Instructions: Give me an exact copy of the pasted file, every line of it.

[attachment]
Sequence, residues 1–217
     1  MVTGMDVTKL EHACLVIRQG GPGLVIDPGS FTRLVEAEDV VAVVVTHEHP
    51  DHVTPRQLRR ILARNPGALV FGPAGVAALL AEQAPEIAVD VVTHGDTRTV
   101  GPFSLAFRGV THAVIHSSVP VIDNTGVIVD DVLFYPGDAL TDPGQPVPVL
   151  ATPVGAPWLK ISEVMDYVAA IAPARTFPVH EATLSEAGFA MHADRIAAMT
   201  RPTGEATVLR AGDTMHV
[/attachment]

Sequence, residues 1–217
     1  MVTGMDVTKL EHACLVIRQG GPGLVIDPGS FTRLVEAEDV VAVVVTHEHP
    51  DHVTPRQLRR ILARNPGALV FGPAGVAALL AEQAPEIAVD VVTHGDTRTV
   101  GPFSLAFRGV THAVIHSSVP VIDNTGVIVD DVLFYPGDAL TDPGQPVPVL
   151  ATPVGAPWLK ISEVMDYVAA IAPARTFPVH EATLSEAGFA MHADRIAAMT
   201  RPTGEATVLR AGDTMHV